Polish edition of STEAMPUNK inspires national pride



While doing my weekly search for online mentions of Tachyon books, I ran across a review of the Polish edition of Ann & Jeff VanderMeer’s Steampunk. While reviewer Anna Siemomysła at Ziarno Myśli, czyli wynurzenia Siemomysły didn’t care much for the book (“an anthology of ‘Steampunk’ is a good compendium of the mainstream, but in my opinion, unfortunately this is not a collection of good literature”), she made special mention of my contribution.

After twelve texts we receive are two articles (by Rick Klaw and Bill Baker), from which we can learn about the fact that steampunk is not just literature. Such pop compendium of knowledge about what and how and where to look. Rick Klaw recalls, for example, about our native Retrostacji what I personally introduced a state of national pride;)

(All translations courtesy of Google.)

For those that don’t have their copy of Steampunk handy (or *gasp* don’t own a copy), here’s the mention that got Siemomysła excited.

The English language version of the Polish site Retrostacji, Steampunkopedia (steampunk.republika.pl) offers the most comprehensive steampunk works chronological bibliography available on the web along with numerous links to steampunk-inspired videos. Sadly, the site stopped updating in February, 2007.


While the Polish edition sports a great cover, obviously inspired by Joe R. Lansdale’s contribution “The Steam Man of the Prairie and the Dark Rider Get Down,” Joe is not mentioned on the cover. Weird.

It’s ArmadilloCon time once again: Where I’ll be reading, talking, etc.

rayguns cover actual med

Cover by Rocky Kelley


It hasn’t rained in forever, the mercury is hitting triple digits, and we’re just passed the halfway point of the baseball season. It must be time for ArmadilloCon once again!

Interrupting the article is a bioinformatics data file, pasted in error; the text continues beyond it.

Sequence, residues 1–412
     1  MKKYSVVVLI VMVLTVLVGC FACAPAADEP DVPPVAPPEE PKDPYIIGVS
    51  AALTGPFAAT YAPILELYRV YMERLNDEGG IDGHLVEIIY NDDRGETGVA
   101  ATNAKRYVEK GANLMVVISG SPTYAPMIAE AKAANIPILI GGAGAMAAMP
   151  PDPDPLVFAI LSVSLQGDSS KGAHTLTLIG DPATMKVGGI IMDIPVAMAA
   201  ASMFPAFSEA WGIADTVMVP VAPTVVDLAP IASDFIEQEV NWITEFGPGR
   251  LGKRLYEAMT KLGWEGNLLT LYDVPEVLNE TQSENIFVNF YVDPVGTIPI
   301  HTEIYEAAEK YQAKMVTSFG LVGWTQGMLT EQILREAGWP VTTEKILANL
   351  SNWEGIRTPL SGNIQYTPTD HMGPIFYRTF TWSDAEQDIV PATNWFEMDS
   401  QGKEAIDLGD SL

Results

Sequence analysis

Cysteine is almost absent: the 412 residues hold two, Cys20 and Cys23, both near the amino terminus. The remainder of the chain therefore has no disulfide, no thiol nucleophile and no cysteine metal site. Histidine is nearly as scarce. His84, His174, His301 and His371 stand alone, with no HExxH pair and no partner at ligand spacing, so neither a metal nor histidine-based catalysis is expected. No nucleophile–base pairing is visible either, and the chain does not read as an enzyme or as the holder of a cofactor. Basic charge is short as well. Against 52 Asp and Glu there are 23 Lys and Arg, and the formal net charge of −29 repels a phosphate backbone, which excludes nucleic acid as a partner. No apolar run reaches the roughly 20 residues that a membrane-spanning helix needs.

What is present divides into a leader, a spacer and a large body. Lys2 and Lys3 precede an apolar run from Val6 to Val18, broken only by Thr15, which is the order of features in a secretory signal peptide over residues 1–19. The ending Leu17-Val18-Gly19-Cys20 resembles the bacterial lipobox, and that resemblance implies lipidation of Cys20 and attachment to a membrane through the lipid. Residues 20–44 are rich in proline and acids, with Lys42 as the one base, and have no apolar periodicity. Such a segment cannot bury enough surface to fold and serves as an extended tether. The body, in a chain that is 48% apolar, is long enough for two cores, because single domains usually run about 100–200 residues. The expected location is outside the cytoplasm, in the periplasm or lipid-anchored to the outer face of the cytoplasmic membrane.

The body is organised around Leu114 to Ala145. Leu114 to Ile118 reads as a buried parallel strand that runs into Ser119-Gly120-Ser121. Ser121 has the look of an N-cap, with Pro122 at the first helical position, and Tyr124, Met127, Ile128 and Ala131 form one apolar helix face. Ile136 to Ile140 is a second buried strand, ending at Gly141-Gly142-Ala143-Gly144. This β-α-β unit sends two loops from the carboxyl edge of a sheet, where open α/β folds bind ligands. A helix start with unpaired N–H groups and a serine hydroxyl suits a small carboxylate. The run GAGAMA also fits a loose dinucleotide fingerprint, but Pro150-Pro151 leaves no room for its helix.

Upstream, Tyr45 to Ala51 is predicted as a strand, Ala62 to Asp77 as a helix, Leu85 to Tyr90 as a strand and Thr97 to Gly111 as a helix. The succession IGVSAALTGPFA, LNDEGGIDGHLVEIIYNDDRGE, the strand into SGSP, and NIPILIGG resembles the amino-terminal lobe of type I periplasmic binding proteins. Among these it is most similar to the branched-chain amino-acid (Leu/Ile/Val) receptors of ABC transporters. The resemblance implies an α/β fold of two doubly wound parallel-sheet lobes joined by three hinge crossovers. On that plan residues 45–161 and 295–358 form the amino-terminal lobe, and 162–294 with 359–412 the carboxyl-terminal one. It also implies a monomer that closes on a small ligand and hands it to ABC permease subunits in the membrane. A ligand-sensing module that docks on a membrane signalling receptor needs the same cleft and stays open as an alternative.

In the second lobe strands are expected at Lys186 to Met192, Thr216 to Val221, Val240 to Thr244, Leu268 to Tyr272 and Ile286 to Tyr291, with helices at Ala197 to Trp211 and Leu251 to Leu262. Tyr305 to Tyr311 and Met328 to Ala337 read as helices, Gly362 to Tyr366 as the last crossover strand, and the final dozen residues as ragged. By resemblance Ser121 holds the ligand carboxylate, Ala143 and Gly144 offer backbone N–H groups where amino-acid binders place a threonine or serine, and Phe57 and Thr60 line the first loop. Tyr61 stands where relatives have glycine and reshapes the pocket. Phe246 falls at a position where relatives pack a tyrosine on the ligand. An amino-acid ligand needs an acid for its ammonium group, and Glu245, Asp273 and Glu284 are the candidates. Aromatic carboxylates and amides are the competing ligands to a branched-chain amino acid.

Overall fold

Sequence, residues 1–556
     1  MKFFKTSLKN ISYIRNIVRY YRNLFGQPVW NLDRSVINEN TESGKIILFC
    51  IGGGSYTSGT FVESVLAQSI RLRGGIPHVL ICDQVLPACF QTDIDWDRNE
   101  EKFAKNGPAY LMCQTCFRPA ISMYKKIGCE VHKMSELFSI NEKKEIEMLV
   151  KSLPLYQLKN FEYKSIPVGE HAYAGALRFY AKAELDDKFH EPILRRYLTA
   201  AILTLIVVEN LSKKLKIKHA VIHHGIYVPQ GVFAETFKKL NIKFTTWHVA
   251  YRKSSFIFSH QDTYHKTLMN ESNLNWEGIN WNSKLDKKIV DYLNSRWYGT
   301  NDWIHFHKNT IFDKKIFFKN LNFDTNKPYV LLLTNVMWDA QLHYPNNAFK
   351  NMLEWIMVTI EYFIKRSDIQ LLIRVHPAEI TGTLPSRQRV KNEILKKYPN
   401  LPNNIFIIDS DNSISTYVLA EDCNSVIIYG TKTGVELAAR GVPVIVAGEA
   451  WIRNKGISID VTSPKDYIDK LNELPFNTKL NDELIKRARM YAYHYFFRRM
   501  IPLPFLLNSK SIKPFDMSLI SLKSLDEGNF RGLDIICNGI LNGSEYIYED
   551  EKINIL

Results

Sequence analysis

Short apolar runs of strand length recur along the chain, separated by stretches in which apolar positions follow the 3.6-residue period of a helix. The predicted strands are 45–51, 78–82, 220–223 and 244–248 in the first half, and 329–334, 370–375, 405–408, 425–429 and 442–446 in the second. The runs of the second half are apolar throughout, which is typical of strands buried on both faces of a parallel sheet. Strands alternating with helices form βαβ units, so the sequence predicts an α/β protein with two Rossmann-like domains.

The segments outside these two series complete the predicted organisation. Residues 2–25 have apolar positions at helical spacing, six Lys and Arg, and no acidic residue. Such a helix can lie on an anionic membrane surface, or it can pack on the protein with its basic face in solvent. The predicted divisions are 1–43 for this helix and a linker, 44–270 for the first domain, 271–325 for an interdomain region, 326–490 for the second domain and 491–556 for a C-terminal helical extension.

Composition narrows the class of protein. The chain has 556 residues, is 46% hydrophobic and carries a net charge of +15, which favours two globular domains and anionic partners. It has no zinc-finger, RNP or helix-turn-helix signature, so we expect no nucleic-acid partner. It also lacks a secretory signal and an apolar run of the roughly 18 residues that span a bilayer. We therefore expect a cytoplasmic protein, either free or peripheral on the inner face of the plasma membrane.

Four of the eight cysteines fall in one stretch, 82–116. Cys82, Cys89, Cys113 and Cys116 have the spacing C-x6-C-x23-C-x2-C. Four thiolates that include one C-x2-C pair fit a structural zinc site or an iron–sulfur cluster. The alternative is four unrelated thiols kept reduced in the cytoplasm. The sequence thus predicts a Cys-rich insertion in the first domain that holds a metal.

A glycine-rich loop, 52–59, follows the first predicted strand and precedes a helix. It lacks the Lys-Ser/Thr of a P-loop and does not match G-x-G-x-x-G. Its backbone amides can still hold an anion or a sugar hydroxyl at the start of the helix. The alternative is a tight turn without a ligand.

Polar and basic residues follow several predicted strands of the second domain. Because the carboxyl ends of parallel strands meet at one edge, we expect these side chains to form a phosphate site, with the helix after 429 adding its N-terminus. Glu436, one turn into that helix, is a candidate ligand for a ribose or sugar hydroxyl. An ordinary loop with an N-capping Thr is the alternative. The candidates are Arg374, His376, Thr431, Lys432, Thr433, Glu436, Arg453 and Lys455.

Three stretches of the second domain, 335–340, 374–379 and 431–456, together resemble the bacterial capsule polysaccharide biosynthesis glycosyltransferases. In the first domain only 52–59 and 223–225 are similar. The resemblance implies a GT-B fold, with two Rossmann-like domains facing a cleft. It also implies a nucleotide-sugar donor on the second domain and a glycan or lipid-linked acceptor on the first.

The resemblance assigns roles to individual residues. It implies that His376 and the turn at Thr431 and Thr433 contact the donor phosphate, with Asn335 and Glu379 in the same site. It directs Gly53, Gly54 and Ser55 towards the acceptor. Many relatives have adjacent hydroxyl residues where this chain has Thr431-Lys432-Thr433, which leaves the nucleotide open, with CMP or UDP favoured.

This year’s con, the 37th such affair, takes place this coming weekend (July 24-26).

Guest of Honor – Ken Liu

Special Guest – James Morrow

Editor Guest – L. Timmel Duchamp

Fan Guest – John DeNardo

Toastmaster – Stina Leicht

Artist Guest – Rocky Kelley


As I have for roughly the past 25 years, I’ll be in attendance and because apparently the con organizers have learned nothing, I’ll be sitting in on several panels.

SF TV Shows We’re Anticipating
Fri 9:00 PM-10:00 PM Ballroom F
Allen*, Frank, Klaw, Oliver, Rountree

The Expanse, Man in the High Castle, Minority Report, etc.: Which looks the most interesting and exciting? How faithful can the ones with literary origins be to their source material?


Sat 10:00 AM-10:30 AM Southpark B
Rick Klaw

(Not sure entirely what I’ll be reading but most likely from The Steampunk Bible,Geek Confidential, and/or The Apes of Wrath.

Cover by Alex Solis

Cover by Alex Solis

SF Movies from Last Year
Sat 9:00 PM-10:00 PM Southpark A
Cargill, Clarke, DeNardo*, Johnson, Klaw, Wright

The good, the bad, and a few movies more.

(Should be interesting since I haven’t seen that many SF movies this year)


Comic Books on TV
Sat 10:00 PM-11:00 PM Ballroom F
Bey, Eudaly, Klaw, Lalumiere, Porter*, Rogers

From “Look, up in the air!” to “Friendly Neighborhood Spider-Man” to “I’m the fastest man alive!”.


Sun 1:00 PM-2:00 PM Dealers’ Room
Klaw, Lalumiere, Ledbetter, Leicht, Maresca, Prevost


Book Covers: The Good, the Bad, and the Ugly
Sun 2:00 PM-3:00 PM Ballroom F
P. J. Hoover, Kelley*, Klaw, Moyer, W. Siros, Weisman

How does a cover artist balance creative impulses with the imperative to create a cover that sells books? What are the notable successes and failures?

Mark Finn, Rick Klaw, and Doug Potter at Armadillocon 26

Mark Finn, Rick Klaw, and Doug Potter at Armadillocon 26

I hope to see everyone there.

Houston, here I come…

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This coming Memorial Day Weekend, I am guest at Houston’s Comicpalooza. The traditionally comic and media heavy convention as decided to venture into literary programming. Hence, my invite and appearance on several panels.